Thursday, May 14, 2009
Tiger among the flowers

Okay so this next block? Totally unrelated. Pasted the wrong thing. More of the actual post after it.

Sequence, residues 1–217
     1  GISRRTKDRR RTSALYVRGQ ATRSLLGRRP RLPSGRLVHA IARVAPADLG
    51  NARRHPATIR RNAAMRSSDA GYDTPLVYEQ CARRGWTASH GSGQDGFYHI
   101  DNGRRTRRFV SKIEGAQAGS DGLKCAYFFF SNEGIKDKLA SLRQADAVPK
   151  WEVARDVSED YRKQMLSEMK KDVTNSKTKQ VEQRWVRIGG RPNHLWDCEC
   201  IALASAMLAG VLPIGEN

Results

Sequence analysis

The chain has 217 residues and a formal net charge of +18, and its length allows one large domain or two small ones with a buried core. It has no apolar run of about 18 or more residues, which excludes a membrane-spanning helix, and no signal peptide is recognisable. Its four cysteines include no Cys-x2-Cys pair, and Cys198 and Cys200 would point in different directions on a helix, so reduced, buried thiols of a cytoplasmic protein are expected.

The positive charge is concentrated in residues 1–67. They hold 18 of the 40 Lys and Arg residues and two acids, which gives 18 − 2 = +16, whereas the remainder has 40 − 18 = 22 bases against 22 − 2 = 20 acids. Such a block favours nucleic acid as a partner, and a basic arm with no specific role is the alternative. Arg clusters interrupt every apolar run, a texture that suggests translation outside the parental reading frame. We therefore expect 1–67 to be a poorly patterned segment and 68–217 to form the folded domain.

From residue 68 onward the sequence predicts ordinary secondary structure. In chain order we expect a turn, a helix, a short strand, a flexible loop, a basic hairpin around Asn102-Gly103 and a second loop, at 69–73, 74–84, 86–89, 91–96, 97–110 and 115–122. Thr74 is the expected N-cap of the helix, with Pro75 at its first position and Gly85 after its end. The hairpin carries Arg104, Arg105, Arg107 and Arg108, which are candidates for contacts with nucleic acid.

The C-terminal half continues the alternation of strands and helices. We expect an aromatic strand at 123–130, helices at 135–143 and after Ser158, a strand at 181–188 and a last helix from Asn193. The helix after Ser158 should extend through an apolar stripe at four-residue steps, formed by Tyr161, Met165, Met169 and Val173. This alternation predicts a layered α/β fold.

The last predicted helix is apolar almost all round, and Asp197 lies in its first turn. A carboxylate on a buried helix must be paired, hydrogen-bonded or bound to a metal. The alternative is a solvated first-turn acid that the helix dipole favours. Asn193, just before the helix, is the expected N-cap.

This gorgeous butterfly is the Eastern Tiger Swallowtail (Papilio glaucus). Relatively large at up to 6 inches, they are a common sight throughout the eastern portion of the United States as well as into portions of Canada. This butterfly cannot be mistaken for any other species in the east, with their bright yellow wings and black wing stripes they are uniquely marked. There is a western species that is very similar and will be found in the western portion of the United States. A color morph has developed that is mostly black. Presumably this is a mimic to the pipevine swallowtail which is poisonous to potential predators. This would afford the tiger swallowtail some protection from hungry predators. Look for them in gardens, at forest edges, along roadsides, and in meadows. Where the adults will be found nectaring at various flowers, especially lilac, sweet william, wild cherry etc. The larval host plant varies to include: Ash, lilac, tulip tree, willow, cottonwood and basswood. The young caterpillars resemble bird droppings. The one pictured was nectaring at Sweet William. I've seen several of these already this year. Most of them have been near our timber.